Putting China first on the schedule was an indication of China's central role on global issues such as climate change.
It was just a year ago that Obama and Xi vowed to set definite limits on greenhouse gas emissions, laying the foundation for other countries to follow suit. On Monday, Obama said: "Our leadership on this issue has been absolutely vital."
Other highlights included a meeting with Indian Prime Minister Narendra Modi, whose government has been pressing for more financing and technology transfer. U.S. officials expressed frustration that Modi had not pledged to do more to avoid sharp increases in coal-fired electricity to help the 240 million Indians who lack electricity. They hoped to make progress in the coming days.
Obama also attended the formal unveiling of an initiative to boost research and development spending on new technologies, led by Gates. The Microsoft founder, in an interview with The Washington Post, warned that the climate threat is too serious to allow technology to evolve at the usual slow pace.
"Historically, it takes over 50 years before you have a substantial shift in energy generation, but we need to do it more quickly," Gates said. "We need to move faster than the energy sector ever has."
Obama expressed belief that a breakthrough was needed in addition to current technologies, something some critics say is too optimistic. "We don't know exactly what's going to work best but we know if we put our best minds behind it and put our dollars behind it we'll discover what works," Obama said.
Some countries believe solutions lie closer. A group of countries - France, Canada, Chile, Ethiopia, Germany and Mexico - proposed putting a worldwide price on carbon to discourage the use of carbon intensive fuels, such as coal.
The chances of getting such a proposal through the Republican-controlled Congress, however, are remote. It is also unclear whether Congress will provide the additional research dollars Obama pledged as part of the Gates "innovation" initiative.
The summit will also feature a goal, heavily promoted by India and including 121 countries, of a massive investment in solar power in countries with the greatest amounts of sunlight.
"We have broken the old arguments for inaction," Obama said at the plenary session Monday. "We have proved that strong economic growth and stable investment no longer have to conflict with one another."
Obama is one of about 150 world leaders at the Paris summit - formally known as the 21st Conference of Participants. Those leaders also delivered speeches.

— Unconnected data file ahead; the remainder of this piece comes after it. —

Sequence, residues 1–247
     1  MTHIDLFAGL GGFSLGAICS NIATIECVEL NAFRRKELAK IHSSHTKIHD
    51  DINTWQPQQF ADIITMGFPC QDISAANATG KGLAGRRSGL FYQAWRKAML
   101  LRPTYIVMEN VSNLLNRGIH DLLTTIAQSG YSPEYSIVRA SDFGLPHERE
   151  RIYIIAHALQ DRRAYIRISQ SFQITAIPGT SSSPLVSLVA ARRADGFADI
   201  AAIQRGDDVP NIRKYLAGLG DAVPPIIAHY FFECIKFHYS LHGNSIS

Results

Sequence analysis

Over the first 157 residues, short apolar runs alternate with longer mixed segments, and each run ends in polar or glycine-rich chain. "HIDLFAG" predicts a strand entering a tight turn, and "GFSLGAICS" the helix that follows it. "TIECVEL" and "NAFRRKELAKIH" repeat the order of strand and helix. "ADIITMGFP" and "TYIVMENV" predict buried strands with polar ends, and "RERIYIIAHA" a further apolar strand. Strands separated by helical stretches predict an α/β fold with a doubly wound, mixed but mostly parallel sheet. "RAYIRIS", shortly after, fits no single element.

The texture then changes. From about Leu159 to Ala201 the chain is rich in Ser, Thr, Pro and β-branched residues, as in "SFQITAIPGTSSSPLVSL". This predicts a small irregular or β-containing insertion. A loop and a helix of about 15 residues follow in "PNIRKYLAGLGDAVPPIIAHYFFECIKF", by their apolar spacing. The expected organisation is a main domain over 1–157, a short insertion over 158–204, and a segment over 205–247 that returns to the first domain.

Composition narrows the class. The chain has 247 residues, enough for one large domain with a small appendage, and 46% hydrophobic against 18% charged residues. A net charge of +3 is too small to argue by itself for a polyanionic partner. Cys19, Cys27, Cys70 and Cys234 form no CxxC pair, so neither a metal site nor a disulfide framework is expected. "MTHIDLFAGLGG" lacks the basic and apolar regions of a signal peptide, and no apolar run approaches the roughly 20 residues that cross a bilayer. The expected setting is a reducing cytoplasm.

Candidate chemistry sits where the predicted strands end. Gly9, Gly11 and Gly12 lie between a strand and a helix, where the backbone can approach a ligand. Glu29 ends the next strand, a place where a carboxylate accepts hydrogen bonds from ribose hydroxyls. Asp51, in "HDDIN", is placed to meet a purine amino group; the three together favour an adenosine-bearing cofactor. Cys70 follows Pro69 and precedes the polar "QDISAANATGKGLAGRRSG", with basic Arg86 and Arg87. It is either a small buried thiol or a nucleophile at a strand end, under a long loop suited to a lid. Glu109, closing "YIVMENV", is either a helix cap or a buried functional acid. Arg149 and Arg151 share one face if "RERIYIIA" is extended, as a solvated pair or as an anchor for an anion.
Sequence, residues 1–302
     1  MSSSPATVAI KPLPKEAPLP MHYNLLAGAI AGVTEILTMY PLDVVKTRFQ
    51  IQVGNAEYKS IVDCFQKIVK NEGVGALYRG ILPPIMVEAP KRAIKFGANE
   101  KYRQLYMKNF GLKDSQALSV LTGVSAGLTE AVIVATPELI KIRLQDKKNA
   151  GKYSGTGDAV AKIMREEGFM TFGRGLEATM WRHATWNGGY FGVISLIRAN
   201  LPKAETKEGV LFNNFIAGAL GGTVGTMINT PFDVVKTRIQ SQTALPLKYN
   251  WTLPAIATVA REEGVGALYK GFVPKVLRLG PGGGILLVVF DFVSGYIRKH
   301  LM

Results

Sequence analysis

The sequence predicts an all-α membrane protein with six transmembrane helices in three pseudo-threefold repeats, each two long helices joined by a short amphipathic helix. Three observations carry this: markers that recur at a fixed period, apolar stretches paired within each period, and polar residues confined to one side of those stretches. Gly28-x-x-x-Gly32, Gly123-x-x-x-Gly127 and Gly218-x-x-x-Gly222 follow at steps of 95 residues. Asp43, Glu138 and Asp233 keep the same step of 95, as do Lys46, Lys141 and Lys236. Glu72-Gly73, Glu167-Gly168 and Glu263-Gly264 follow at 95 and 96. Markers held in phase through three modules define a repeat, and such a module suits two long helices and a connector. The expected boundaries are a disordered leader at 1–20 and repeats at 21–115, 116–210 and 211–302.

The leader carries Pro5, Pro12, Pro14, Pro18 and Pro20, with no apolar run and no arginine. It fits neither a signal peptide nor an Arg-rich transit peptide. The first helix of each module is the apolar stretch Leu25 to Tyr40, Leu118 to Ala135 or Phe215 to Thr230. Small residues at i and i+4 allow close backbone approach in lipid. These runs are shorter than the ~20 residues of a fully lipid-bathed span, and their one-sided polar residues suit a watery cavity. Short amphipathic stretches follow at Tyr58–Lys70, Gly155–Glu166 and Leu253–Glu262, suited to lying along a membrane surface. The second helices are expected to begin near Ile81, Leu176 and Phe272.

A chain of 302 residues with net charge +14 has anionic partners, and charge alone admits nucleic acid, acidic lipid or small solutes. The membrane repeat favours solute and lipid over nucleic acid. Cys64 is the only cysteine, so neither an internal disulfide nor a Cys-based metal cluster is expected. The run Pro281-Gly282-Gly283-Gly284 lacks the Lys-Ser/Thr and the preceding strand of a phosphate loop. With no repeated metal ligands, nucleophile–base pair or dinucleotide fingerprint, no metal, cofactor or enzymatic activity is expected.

"A political moment like this may not come again," said U.N. Secretary General Ban Ki-moon. "We have never faced such a test. But neither have we encountered such great opportunity."
In the wake of terrorist attacks that left 130 dead, the conference, taking place in a center located at an old airport in Le Bourget, has become a major security headache, and traffic has been blocked in Paris until Tuesday.
After arriving in Paris on Sunday, Obama's motorcade glided along the Seine through largely deserted streets before stopping in front of Le Bataclan, the concert hall where scores of people were killed in the terrorist attacks.
Flanked by French President François Hollande and Paris Mayor Anne Hidalgo, Obama placed a white rose on the street in front of the concert hall, making a small addition to the mound of flowers and candles there. After standing for a minute of silence with his hands folded before him, Obama walked away, briefly placing a hand on the shoulders of Hollande and Hidalgo.
The United States announced that it will contribute $51.2 million to a $248 million Least Developed Countries Fund to help the world's poorest countries adapt to climate change. Germany is the largest of 11 donors to the fund.
"We know the truth - that many nations have contributed little to climate change but will be the first to feel its most destructive effects," Obama said.
But U.S. officials said they would resist calls by many small island states and other countries vulnerable to climate-change effects that developed nations pay reparations or damages because of their historic emissions. Those nations also favor setting a goal of limiting climate change to 1.5 degrees Celsius instead of 2 degrees. Obama will meet with leaders of island nations Tuesday.
Other countries used the conference to announce new details. Norway, Germany and Britain said they would provide $1 billion a year until 2020 in payments for verified emissions reductions from forests and land use in other countries.